Item 48: C14-2018-0072 – 1700 West Avenue – District 9 – Conduct a public hearing and approve an ordinance amending City Code Title 25 by rezoning property locally known as 1700 West Avenue (Shoal Creek Watershed). Applicant Request: To rezone from family residence (SF-3) district zoning to limited office – mixed use – conditional overlay (LO-MU-CO) combining district zoning.
Monitor’s Take: Though we haven’t covered this one yet, it is likely to spark a bit of discussion at today’s meeting. In keeping with one of the day’s motifs, the biggest questions about this rezoning are around how uses on the site are limited – especially child care.
Item 55: NPA-2017-0016.02 – Flats on Shady – District 3 – Conduct a public hearing and approve second and third readings of an ordinance amending Ordinance No. 030327-12, the Govalle/Johnston Terrace Combined Neighborhood Plan, an element of the Imagine Austin Comprehensive Plan, to change the land use designation on the future land use map (FLUM) on property locally known as 1125 Shady Lane (Boggy Creek Watershed) from Single Family to Multifamily land use.
Item 56: C14-2017-0094 – Flats on Shady – District 3 – Conduct a public hearing and approve second and third readings of an ordinance amending City Code Title 25 by rezoning property locally known as 1125 Shady Lane (Boggy Creek Watershed). Applicant Request: To rezone from family residence-neighborhood plan (SF-3-NP) combining district zoning to multifamily residence-moderate-high density-neighborhood plan (MF-4-NP) combining district zoning. First reading approved multifamily residence moderate-high density-neighborhood plan (MF-4-NP) combining district zoning on Aug. 23, 2018.
Monitor’s Take: This case has been waiting in the wings for a while now, and today may be its turn for a public fight over transportation burdens and whatnot.
Item 57: C14H-2018-0084 – Bryson-Krueger-Critz House – District 9 – Conduct a public hearing and approve second and third readings of an ordinance amending City Code Title 25 by rezoning property locally known as 1602 West Lynn Street from family residence (SF-3) district zoning to family residence – historic landmark (SF-3-H) combining district zoning.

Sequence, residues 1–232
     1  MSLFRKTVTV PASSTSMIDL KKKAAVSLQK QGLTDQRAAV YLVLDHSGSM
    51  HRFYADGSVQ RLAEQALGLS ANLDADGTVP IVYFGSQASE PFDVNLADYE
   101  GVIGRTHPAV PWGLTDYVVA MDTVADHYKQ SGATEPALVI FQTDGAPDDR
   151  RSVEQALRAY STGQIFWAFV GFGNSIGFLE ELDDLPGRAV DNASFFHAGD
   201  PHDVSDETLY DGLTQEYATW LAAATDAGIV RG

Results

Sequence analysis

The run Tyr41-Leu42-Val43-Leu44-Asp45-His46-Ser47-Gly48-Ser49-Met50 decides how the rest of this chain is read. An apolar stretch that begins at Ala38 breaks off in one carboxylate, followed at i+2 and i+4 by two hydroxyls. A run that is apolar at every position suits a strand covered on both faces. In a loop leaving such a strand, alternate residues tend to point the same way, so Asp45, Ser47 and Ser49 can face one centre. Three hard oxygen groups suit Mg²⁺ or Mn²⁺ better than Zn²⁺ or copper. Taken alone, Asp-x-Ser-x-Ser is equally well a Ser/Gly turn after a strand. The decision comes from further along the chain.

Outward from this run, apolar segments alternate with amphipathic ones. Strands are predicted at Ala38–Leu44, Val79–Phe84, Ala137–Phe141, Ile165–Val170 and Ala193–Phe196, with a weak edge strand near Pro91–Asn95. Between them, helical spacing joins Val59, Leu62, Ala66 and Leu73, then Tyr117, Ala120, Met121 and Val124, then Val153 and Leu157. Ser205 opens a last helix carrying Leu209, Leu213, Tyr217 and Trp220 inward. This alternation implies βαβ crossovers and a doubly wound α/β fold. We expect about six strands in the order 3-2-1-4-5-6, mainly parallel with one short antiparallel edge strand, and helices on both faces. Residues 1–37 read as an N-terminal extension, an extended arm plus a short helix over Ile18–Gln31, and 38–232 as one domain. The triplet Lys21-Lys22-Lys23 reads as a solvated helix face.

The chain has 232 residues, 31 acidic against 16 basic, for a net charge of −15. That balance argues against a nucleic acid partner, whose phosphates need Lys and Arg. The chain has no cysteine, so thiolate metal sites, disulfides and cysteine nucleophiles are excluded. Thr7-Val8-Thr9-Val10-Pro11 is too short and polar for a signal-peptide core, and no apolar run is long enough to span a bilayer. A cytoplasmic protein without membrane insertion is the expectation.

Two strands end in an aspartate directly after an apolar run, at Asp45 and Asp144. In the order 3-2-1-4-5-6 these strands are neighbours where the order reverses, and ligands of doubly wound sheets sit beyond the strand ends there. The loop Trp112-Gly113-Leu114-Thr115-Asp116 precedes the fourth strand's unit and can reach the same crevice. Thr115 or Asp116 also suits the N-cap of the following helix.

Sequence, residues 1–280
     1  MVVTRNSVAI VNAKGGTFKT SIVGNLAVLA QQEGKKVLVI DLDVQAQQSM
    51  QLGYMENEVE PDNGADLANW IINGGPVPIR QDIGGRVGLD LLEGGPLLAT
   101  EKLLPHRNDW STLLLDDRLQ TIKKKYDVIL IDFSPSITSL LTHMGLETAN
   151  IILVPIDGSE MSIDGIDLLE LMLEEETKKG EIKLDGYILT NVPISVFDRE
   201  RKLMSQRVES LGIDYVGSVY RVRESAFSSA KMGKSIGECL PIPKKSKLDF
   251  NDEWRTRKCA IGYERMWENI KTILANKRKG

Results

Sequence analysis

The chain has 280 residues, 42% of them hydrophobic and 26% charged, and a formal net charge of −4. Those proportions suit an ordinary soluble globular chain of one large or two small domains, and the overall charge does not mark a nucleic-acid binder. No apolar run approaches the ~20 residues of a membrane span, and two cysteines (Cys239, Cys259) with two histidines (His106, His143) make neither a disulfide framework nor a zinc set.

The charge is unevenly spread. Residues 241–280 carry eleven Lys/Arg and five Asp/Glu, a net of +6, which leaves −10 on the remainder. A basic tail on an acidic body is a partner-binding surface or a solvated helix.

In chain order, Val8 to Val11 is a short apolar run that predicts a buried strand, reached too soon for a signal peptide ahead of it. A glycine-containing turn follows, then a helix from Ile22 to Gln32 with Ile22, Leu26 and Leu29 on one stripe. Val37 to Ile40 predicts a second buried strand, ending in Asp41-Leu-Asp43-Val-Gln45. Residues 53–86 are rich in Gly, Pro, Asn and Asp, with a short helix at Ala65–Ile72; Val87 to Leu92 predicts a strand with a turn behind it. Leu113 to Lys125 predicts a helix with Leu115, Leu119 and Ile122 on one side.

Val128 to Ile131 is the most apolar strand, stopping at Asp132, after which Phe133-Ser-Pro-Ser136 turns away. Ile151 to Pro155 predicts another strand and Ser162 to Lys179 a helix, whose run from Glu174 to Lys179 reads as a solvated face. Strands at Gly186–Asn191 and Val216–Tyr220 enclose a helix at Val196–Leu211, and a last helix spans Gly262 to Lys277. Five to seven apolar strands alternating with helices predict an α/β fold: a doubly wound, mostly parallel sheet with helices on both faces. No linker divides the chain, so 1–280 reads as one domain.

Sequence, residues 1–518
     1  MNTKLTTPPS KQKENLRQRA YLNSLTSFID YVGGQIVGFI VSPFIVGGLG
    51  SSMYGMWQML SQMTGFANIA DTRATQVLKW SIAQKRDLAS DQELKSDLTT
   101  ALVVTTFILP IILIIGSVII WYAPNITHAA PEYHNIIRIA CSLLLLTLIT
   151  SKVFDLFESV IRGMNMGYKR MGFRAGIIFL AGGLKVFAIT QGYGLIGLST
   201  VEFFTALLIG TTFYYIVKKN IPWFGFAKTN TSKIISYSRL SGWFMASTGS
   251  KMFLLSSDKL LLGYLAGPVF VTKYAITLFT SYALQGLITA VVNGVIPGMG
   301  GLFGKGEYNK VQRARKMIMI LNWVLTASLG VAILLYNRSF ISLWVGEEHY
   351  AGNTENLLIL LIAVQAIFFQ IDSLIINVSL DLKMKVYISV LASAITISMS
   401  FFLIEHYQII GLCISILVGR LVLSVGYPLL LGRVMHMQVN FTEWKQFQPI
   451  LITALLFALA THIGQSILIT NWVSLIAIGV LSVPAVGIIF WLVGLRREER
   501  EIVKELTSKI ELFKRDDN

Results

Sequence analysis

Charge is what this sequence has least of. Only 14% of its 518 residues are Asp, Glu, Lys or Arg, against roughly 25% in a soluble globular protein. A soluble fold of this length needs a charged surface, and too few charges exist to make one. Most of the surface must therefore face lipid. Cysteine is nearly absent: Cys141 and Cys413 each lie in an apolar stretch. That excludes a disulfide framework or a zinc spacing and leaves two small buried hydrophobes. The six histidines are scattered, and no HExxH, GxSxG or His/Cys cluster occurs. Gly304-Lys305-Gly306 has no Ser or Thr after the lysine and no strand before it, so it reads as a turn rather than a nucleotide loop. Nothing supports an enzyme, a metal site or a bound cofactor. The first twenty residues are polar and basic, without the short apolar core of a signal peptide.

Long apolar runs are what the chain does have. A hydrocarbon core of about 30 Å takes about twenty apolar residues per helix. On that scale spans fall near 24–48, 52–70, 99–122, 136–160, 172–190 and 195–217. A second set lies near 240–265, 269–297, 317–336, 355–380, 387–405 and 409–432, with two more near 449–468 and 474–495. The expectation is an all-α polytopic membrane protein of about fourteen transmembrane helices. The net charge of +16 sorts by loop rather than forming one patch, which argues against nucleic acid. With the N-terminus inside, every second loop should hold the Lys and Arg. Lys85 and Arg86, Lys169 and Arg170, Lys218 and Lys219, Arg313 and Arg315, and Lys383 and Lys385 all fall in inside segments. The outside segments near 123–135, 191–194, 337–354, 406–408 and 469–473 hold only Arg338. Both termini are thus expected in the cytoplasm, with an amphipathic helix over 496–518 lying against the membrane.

Monitor’s Take: Despite the owners’ – and neighbors’ – wishes, this historic zoning case is moving along, meaning it will take a supermajority of nine votes to designate this home a historic landmark. For background, here’s our story from earlier in the process.
Item 58: Conduct a public hearing and approve an ordinance renaming ‘Manchaca Road’ to ‘Menchaca Road’.
Monitor’s Take: While neither spelling represents the pronunciation of the road at all, judging from work session, Council members seem ready to bicker about this change. In one corner: those who think the name should be changed to honor to honor José Antonio Menchaca, who was a captain in the army that fought in the Texas Revolution at the battle of San Jacinto. On the other side, there are those who aren’t sure about the historic connection and worry that local merchants haven’t had a chance to weigh in.
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Key Players & Topics In This Article
Austin City Council: The Austin City Council is the body with legislative purview over the City of Austin. It offers policy direction, while the office of the City Manager implements administrative actions based on those policies. Until 2015, the body contained seven members, including the city's Mayor, all elected at-large. In 2012, City of Austin residents voted to change that system and as of 2015, 10 members of the Council are elected based on geographic districts. The Mayor continues to be elected at-large.